Key points:

  • Women actually perform almost half of the tasks on the cocoa farm. Women are primarily involved in taking care of young plants and post-harvest activities.
  • The big challenge: How to involve women in maintaining and improving the quality of cocoa whilst; (1) making sure they benefit from their efforts and (2) not overburdening them with extra tasks.

Why?

Cocoa production is a sector that continues to be seen as a “man’s business”. While women work on cocoa farms, they often do so as unpaid family or casual labor whose contribution is unrecognized (Barrientos, 2013). Substantive research shows that women actually perform half of the tasks on the cocoa farm. Understanding and recognizing women’s contribution to the production process is the first step towards improving cocoa production.

Figure 1: The role of women in cocoa farming

facts1

Source: Dalberg, 2012

Division of labor: Although men and women conduct different tasks in cocoa production, the time they invest is roughly the same (UTZ/Solidaridad, 2009). In cocoa communities, men are responsible for the more hazardous and physically demanding tasks, such as pesticide spraying, pruning and harvesting of the cocoa. Women are mainly involved in early plant care and post-harvest activities, such as pod-breaking, fermenting and drying. These tasks are fundamental for ensuring the quality of the cocoa. The future of high quality cocoa production thus depends on the women involved (Barrientos, 2013).

Women are less likely to benefit from cocoa revenues: men control the marketing of cocoa (UTZ/Solidaridad, 2009), and are more likely to have a cooperative membership. A study among 1000 farmers in Cameroon showed that among married cocoa farmers, 97% of the men were in control of cocoa marketing (GTZ, 2009).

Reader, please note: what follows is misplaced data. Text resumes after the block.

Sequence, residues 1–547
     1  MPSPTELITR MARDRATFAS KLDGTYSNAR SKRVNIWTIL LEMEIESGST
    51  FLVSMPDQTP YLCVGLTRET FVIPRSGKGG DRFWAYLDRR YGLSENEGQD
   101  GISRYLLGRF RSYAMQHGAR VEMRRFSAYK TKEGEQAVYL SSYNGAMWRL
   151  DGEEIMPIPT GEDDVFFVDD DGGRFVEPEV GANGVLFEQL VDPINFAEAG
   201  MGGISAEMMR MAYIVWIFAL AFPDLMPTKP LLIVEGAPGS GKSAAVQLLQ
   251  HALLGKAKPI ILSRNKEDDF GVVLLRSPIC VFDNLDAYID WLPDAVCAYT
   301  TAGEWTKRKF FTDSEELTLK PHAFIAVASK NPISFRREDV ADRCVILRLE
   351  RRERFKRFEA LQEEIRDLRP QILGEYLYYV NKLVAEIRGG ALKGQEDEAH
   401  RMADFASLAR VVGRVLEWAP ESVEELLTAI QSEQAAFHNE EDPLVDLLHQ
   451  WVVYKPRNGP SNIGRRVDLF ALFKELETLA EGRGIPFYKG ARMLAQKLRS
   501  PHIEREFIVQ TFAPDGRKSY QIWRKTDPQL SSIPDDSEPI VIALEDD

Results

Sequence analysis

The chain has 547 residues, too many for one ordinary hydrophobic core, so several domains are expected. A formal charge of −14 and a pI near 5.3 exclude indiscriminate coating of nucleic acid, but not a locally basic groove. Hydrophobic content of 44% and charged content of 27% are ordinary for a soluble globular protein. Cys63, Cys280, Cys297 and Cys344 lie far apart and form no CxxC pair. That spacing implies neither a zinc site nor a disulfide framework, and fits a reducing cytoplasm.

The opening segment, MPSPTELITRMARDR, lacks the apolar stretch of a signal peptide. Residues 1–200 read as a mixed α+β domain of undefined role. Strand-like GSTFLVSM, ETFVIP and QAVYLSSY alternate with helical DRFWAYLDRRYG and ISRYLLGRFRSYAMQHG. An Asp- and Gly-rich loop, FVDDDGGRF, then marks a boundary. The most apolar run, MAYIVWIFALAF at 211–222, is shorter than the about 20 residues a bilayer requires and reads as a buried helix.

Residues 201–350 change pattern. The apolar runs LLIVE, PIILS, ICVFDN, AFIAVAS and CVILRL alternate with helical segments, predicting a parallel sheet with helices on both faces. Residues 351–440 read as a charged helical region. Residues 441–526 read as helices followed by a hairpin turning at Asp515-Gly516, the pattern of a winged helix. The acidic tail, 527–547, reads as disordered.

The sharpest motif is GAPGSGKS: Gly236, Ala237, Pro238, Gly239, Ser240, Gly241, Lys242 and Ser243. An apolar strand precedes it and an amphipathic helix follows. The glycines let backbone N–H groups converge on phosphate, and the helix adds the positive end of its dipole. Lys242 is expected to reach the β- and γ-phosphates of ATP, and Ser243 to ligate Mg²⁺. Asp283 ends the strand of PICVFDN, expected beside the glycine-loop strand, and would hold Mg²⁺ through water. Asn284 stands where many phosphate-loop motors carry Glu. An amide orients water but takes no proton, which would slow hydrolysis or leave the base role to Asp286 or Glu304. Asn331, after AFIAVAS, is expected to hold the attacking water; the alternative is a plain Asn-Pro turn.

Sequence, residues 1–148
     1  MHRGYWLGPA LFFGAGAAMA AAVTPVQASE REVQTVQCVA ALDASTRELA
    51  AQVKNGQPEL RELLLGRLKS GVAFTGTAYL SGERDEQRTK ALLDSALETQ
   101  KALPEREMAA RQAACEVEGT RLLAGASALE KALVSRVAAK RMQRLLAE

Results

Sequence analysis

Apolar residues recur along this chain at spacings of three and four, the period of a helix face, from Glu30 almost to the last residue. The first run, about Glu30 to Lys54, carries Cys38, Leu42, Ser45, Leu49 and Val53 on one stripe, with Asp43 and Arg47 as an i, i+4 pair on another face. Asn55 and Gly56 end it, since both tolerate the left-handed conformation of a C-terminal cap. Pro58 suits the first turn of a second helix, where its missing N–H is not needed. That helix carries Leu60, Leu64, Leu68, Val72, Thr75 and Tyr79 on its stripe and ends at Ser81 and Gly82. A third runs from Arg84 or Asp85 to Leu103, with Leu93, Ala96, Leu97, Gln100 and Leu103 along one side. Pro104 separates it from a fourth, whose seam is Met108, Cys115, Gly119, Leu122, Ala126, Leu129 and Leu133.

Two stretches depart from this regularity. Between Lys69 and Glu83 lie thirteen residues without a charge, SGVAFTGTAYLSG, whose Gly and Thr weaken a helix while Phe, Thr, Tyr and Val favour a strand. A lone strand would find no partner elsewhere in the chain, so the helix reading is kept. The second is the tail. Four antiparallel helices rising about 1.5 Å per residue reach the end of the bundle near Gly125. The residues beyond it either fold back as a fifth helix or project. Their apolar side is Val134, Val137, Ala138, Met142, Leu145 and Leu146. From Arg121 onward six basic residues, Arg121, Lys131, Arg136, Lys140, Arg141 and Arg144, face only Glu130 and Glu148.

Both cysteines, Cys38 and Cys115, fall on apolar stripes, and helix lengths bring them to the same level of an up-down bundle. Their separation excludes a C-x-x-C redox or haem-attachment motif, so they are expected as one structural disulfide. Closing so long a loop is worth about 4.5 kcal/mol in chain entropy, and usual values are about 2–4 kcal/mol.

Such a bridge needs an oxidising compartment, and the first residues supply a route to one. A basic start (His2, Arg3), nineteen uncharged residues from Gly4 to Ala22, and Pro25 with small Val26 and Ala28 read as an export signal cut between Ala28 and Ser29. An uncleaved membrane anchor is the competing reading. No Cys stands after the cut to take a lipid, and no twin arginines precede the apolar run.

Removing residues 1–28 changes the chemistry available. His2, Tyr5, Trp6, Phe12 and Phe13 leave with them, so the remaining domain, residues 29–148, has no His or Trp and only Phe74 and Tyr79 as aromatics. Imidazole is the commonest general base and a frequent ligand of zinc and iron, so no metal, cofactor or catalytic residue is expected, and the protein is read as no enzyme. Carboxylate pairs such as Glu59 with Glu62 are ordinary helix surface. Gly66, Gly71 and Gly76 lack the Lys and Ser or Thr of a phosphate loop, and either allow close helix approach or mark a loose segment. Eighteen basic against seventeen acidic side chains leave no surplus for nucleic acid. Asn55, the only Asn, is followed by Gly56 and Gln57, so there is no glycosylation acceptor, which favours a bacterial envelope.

Table 1: Control over marketing cocoa by sex and marital status (in %) in Cameroon by male and female farm managers

Status (%)MaleFemale    
MyselfWifeOtherMyselfHusbandOther
Married971254433
Single95-5100--
Widowed85-477-23

Source: GTZ, 2009

Besides working on the cocoa farm, women are involved in household tasks and other work (such as food crop farming and trading). Combining all tasks, men work 49 hours per week on average, while women have an average working week of 63 hours (Hill and Vigneri, 2011).

Table 2: Average weekly hours spent on domestic chores by gender

Domestic chores:Women Men
Fetch Wood + Water1.270.48
Cleaning1.320.40
Cooking8.041.24
Errands1.010.93
Child Care5.122.83
Elderly and Sick care1.460.40
Other0.130.98
Total HH26.0610.22
Total Work on Cocoa Farm36.7238.55
Total62.7848.77

Best practices: the Nestlé Cocoa Plan
From 2009-2014, Nestlé helped the COPAZ cooperative, which supports women, to distribute over 300,000 new cocoa plants. Agathe Vanier is the founder and president of COPAZ, a cocoa cooperative based in Divo, in central-western Côte d’Ivoire. Agathe led a campaign to demonstrate how the inclusion of women in cocoa farming could not only have a positive impact on their families, but on the country as a whole. In 2010, her 600-woman cooperative joined the Nestlé Cocoa Plan. Nestlé provides them with high-yielding, disease-tolerant cocoa seedlings and technical assistance. The cooperative also received support from Nestlé to buy a new truck for delivering cocoa beans. “In our tradition, cocoa farming was only reserved for men,” Agathe says. “We fought for our rights to some land and the Nestlé Cocoa Plan supports us.”